Being a Brony is much more than just MLP fandom; it’s having the courage to defy a cynical culture of violence and hate.
When I was young, I read Nietzsche and dystopic fiction, and embraced cynicism and the ugliness of reality. I sneered when I laughed, and enjoyed humor that lampooned and satirized anything warm, uplifting and upbeat. I scoffed at sentiment and greedily consumed the dark and outre. But I’m not young any longer. I’ve experienced a lot of life, with all its disappointments and cruelty. I’ve had enough.
When it comes to fiction, art, and philosophy, “happy” is treated with contempt because “Life isn’t like that.” I’ve made the argument that yes, that’s right, so all the more reason for fiction to be a comfort and philosophy a consolation. But there’s another piece to it. Life isn’t always like that. Sometimes there are moments when reality is beautiful, when against all odds, something does not end badly and good triumphs. Happy endings do happen, especially when we work to make it so.
I prefer to choose the lovely. And I am not alone.
In spite of the fact that our culture is swamped in the dark, the ugly and the cynical, playing on hate, fear and anxiety, many of us ache for relief, and they find it in odd corners of fandom. It needn’t be trite, sappy escapism, although the critics are quick to dismiss it as such (“Happy books suck,” as one fellow librarian said.) In fact, I see optimism creeping in and whispering subversively, “It doesn’t have to be that way!” Its message that rings sweetly to many of us.
Thus the popularity of Star Trek refuses to go away. The Peace movement persists in spite of Homeland Security propaganda. The Dalai Lama becomes a folk hero with his message that compassion is the new radicalism. Every day, people are nice to each other because it makes more sense than being jerks. We may be a long way from Equestria, but an awful lot of people stubbornly insist on being gentle, kind and idealistic anyway. Count me in.
My two sons are Bronies. They both rejected mainstream YA novels because they hated the angst and grim pessimism of them. They know Reality can be bloody awful. They also know it doesn’t have to be. They chose instead to embrace something beautiful. I didn’t understand at first. My Little Pony? Really?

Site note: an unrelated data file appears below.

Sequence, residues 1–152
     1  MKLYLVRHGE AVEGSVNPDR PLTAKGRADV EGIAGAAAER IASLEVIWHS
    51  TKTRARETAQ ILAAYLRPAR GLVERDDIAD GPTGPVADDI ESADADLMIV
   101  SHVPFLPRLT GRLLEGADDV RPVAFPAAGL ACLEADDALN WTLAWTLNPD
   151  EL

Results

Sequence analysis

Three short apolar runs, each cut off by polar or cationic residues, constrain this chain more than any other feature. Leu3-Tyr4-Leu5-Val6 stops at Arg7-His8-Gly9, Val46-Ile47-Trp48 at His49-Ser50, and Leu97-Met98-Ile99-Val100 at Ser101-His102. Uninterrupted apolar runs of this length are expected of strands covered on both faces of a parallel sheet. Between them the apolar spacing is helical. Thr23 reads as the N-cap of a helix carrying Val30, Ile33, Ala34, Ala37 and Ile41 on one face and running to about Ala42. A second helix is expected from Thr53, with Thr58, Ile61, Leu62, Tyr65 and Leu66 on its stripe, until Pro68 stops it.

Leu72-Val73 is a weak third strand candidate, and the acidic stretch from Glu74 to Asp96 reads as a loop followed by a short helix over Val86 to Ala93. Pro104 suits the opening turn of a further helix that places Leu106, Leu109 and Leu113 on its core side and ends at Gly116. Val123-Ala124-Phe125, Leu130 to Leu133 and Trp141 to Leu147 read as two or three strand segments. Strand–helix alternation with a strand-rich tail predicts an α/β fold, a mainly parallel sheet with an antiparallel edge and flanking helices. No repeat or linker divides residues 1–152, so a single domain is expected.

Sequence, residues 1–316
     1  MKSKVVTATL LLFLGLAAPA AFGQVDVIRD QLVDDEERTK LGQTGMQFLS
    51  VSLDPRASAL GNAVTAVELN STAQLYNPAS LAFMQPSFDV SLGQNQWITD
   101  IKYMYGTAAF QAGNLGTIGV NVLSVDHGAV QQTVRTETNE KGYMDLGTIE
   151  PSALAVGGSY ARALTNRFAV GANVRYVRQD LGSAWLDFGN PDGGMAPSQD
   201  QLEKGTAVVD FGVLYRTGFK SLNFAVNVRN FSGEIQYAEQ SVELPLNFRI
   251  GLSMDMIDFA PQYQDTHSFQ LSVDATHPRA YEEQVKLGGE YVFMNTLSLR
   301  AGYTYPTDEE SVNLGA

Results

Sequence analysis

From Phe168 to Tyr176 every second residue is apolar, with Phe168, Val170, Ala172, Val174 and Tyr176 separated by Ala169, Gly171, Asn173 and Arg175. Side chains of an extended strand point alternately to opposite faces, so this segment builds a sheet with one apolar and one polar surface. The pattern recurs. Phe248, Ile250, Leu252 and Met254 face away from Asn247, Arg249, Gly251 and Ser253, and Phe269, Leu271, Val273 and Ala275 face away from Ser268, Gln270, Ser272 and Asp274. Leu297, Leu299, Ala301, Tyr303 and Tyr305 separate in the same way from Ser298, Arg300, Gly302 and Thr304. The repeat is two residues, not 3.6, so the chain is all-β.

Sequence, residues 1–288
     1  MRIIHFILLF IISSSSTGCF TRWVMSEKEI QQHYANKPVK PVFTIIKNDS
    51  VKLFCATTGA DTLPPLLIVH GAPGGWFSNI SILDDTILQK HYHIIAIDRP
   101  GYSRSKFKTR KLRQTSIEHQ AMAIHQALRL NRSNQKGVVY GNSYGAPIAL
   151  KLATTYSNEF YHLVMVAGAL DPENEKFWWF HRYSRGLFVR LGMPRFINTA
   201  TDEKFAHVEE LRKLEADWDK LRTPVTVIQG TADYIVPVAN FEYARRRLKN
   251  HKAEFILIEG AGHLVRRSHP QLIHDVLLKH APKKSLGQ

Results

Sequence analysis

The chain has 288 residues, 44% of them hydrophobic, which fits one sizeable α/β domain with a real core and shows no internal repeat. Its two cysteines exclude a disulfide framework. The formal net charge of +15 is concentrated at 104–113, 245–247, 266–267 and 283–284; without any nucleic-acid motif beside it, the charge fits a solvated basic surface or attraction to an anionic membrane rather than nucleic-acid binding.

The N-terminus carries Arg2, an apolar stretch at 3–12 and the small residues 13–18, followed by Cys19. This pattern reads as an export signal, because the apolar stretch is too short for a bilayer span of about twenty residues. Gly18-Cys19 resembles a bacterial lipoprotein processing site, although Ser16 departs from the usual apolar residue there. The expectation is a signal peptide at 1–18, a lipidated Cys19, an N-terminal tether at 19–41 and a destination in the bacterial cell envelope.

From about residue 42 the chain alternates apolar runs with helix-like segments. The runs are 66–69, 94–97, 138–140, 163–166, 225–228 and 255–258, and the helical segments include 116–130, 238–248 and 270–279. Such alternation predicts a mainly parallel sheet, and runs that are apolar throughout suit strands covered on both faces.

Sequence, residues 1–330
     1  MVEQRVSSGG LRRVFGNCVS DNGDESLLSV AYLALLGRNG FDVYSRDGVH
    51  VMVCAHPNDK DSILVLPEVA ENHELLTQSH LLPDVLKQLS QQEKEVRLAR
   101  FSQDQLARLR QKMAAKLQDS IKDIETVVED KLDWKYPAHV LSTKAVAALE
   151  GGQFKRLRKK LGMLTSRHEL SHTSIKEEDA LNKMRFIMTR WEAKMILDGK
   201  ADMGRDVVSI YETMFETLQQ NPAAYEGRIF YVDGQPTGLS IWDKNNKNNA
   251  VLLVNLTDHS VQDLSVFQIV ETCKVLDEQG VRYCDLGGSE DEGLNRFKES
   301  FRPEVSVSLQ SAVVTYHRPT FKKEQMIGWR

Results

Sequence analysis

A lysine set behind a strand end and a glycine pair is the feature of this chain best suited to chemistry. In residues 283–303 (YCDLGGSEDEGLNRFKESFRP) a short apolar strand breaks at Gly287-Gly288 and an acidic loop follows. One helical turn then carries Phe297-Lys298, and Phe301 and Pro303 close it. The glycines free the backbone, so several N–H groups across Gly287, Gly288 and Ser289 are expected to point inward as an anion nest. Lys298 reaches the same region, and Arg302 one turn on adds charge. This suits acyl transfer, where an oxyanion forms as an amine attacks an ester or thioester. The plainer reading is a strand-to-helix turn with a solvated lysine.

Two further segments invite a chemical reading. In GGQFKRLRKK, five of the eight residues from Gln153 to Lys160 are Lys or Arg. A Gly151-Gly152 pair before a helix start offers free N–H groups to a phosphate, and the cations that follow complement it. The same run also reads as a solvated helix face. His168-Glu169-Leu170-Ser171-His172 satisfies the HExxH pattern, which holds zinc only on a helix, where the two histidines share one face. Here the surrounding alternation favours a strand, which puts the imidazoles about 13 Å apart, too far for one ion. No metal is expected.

Because I wanted to understand, I let them share it with me. Besides the show, whose charm finally hooked me after several episodes (I had a sick diabetic reaction to it at first, but I stuck with it — I think it was the Discord episode that finally did the trick) there is a huge culture that has emerged with its own music and fandom. If you’re curious, start with Equestria Daily or the r/MLP subReddit and follow some links. [Also, check out this site which I only just discovered, or should I say, discovered me.]
It takes an immense amount of courage to be a Brony, especially if you are a teen. You expose yourself to ridicule and bullying. Both my boys stubbornly stood their ground. The Brony philosophy is to gently reject hate. They remind me of what the pacifists faced early in the anti-war movement, or what some gay people face even today. Most people don’t understand and don’t want to. “You like ‘My Little Pony’? It’s a dumb little girls’ show! You must be sick!”
In fact, what they are embracing is much bigger than the show. It’s embracing optimism, pacifism, warmth and compassion. It’s believing that it’s better to be kind, honest and true, embracing basic values of friendship and wisdom that our culture has rejected in favor of greed, competition, lies and hate. To be a Brony is to reject a big part of what America currently stands for, thanks to religious intolerance, power-hungry politicians and corporations. To be a Brony is to be a rebel.
It is banding together in a friendly competition on Reddit to raise over $33,000 for Doctors/Engineers Without Borders. It is donating more than 147 years of CPU time for the World Community Grid. It’s just being nice to people, practicing tolerance, making it a policy never to hate or flame. It’s refusing to give in to cynicism and despair, or to apologize for liking rainbows and laughter or for choosing the lovely every time.
I find it not all that different from the hippie culture I grew up with — Peace, Love and Flower Power. There is much of the same impulse to make the world a better place and embrace life with open, innocent joy. Oh sure, some of it is silly and childish, but what’s the harm in that? I’d rather watch children play than see hate on a battlefield. Bronies are a shaft of sunlight, brave and beautiful, in a dark, ugly world. They, and all the others who think like them, the pacifists, the radically compassionate, give me reason to have hope for the future. What’s so funny about that?
You keep your zombie apocalypse and your dystopias. I’ll take Equestria.
[Post Script: Since I posted this article this morning, it has gone viral. I submitted it to r/MLP on Reddit and it made the front page. BTW, I encourage readers to check out the links, including the ones from the images, but especially this one. Thank you for your comments and shares. Never underestimate the power of Bronies.]